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Female Managers Still Receive Less Pay Than Male Managers

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In the 21st century, it may seem like women have more rights in the workplace than ever before. However, a report by the U.S. Government Accountability Office states that female managers in the United States are paid only 81 cents for every dollar earned by male managers.

According to Reuters, the wage gap between men and women has narrowed slightly as women managers were only making only 79 cents for each man's dollar in the year 2000. The median salary for female managers in 2007 was $52,000, compared to $75,000 for male managers.

Researchers have not agreed on the reasoning behind the wage gap between male and female managers, but some explanations could include levels of responsibility, years of experience or discriminatory practices. Reuters reported that Carolyn Maloney, who chairs the U.S. Congress Joint Economic Committee, blamed the wage gap on gender stereotypes and discrimination.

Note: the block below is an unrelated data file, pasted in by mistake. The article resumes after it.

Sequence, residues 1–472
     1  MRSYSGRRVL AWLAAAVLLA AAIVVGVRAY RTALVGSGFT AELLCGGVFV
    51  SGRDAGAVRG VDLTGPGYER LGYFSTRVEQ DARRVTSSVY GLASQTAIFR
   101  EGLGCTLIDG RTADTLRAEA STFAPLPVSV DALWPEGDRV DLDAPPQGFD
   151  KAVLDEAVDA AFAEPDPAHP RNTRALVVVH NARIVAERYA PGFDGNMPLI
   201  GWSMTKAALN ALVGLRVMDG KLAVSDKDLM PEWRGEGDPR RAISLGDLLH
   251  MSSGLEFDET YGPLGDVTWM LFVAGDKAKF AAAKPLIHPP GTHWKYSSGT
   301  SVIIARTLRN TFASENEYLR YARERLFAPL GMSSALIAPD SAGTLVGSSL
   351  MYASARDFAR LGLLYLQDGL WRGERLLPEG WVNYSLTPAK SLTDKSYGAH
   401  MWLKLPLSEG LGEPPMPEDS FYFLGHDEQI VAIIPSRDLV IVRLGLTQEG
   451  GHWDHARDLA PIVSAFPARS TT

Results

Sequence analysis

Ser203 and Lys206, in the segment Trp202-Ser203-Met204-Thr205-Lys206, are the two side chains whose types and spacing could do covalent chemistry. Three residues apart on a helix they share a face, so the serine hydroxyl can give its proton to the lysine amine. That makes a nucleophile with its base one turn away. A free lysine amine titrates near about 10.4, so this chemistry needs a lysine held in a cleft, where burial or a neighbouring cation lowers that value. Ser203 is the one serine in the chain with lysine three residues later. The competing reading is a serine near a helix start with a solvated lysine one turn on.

In addition to female managers receiving less pay than their male counterparts, women managers are also a bit more scarce in the workforce. In 2007, women made up just 40 percent of managers and 49 percent of non-managers in the workforce.

When it comes to wages or promotions, it's illegal to discriminate on the basis of gender under Title VII of the Civil Rights Act. FindLaw states that Title VII also prohibits retaliation against an employee for opposing a discriminatory employment practice. Female managers that believe they're victims of gender discrimination at their place of work should contact a Houston employment lawyer to learn more information on filing a claim.

Related Resources:

  • Title VII of the Civil Rights Act of 1964 (FindLaw)
  • Find a Houston Employment Lawyer (FindLaw)
  • Sex Discrimination on the Job (FindLaw)

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